Bird Atlas Mapstore
What is the Mapstore?
The Bird Atlas Mapstore brings together all of the maps from the breeding and wintering atlas projects carried out in partnership by the British Trust for Ornithology (BTO), BirdWatch Ireland and the Scottish Ornithologists’ Club (SOC). These projects covered the 1968–72, 1988–91 and 2008–11 breeding seasons and the 1981/82–1983/84 and 2007/08–2010/11 winters. The Bird Atlas Mapstore just provides the maps, the printed bird atlases provide the context to help you intepret them.
Why are there more maps in the Bird Atlas Mapstore than in the printed atlases?
Being online, the Bird Atlas Mapstore isn’t limited by the space constraints that you find in a printed book. Because of this, we are able to present virtually all of the maps for all of the species that were recorded during atlas fieldwork. The nature of the Bird Atlas Mapstore also means that you can ‘slide’ between the different maps in a series to see how distributions have changed over time.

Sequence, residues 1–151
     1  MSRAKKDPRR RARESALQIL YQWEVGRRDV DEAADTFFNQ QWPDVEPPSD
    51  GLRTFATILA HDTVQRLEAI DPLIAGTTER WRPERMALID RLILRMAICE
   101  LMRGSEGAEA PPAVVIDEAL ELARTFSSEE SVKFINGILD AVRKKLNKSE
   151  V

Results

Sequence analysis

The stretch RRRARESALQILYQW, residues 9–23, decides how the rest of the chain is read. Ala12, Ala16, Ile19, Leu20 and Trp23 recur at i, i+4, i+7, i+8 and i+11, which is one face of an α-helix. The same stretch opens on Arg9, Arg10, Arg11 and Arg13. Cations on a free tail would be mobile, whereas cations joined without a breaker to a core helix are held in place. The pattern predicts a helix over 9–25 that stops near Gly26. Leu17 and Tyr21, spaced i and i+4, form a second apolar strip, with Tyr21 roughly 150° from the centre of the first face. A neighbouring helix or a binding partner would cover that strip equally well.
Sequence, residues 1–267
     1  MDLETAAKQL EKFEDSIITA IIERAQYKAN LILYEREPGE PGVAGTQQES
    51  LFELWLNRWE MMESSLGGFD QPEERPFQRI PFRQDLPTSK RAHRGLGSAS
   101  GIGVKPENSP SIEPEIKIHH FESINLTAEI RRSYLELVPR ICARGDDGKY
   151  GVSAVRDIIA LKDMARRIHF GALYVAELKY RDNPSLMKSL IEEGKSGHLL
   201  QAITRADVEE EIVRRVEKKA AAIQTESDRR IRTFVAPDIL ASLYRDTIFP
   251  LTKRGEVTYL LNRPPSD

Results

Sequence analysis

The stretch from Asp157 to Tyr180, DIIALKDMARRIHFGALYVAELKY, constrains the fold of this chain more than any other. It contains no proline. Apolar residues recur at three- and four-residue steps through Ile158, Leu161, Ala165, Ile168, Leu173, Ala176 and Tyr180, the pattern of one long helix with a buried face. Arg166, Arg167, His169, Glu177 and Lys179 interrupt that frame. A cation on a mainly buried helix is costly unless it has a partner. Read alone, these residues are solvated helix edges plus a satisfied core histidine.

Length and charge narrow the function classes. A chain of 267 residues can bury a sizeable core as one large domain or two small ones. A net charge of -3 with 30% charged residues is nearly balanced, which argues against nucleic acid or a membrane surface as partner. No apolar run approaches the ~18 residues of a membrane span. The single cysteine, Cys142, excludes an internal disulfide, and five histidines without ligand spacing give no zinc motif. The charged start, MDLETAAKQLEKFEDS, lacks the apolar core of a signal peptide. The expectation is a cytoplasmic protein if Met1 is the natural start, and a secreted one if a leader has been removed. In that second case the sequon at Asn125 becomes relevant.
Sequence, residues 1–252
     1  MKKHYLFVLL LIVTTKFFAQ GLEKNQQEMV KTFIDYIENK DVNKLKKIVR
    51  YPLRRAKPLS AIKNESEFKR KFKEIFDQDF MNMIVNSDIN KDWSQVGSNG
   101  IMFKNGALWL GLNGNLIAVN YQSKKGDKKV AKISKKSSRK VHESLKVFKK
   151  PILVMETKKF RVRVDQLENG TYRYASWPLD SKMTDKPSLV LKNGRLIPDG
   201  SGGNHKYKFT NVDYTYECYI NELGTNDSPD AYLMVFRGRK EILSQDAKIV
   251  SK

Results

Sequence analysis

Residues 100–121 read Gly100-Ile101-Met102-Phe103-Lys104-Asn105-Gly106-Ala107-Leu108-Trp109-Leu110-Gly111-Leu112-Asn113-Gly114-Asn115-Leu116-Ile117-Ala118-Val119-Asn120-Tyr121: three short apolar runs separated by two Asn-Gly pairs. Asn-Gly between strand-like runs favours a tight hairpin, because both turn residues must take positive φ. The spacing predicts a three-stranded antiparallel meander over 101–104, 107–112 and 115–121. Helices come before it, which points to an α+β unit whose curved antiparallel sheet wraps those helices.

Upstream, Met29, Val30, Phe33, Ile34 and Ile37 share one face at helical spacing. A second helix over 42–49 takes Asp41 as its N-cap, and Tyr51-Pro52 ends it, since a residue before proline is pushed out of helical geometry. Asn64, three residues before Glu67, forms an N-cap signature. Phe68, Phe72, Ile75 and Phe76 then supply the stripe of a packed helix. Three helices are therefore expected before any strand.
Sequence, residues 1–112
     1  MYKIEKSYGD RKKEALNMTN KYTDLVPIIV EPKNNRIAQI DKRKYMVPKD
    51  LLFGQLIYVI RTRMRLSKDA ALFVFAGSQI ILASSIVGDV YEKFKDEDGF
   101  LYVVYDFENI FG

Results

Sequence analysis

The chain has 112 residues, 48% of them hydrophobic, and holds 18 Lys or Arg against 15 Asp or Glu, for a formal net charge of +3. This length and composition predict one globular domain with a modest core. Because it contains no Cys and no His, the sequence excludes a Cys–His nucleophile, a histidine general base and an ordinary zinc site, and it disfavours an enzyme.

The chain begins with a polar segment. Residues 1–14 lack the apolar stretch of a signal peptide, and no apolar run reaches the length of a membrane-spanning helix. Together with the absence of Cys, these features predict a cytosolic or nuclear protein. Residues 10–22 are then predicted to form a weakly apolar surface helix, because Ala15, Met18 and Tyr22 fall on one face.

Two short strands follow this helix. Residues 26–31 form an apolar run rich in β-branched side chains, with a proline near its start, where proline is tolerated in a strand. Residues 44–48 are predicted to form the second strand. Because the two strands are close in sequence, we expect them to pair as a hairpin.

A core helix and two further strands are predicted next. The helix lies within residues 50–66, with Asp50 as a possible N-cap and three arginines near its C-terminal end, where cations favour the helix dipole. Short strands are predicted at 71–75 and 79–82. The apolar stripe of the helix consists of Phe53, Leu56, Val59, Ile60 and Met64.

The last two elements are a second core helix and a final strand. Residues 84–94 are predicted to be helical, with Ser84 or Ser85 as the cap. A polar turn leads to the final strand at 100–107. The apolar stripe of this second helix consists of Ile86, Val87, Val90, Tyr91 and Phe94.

Is the Bird Atlas Mapstore free?
Yes. There is no charge for accessing Bird Atlas Mapstore or for viewing the maps. We want to make this information available to a wide audience so that the vast amounts of data collected by atlas volunteers can be viewed by anyone with access to the Internet.
Why should I buy the Bird Atlas 2007–11 book when all the maps are freely available on Maptore?
The maps available on Bird Atlas Mapstore lack the scientific interpretation that appears in each of the printed books and we would urge you to buy the books to understand how the patterns of range and distribution change have been interpreted by expert scientists. All the distribution and range statistics are presented in the book and are not available on Bird Atlas Mapstore. You can buy a copy of Bird Atlas 2007–11 from here.
Can I reuse the maps?
Maps must not be reused or reproduced without prior permission from BTO. Anyone wishing to use these maps and related data should complete a data request form.
Migration blog (15th – 21st October)
Changeable winds over the coming week could herald the first big arrival of Dark-bellied Brent Geese.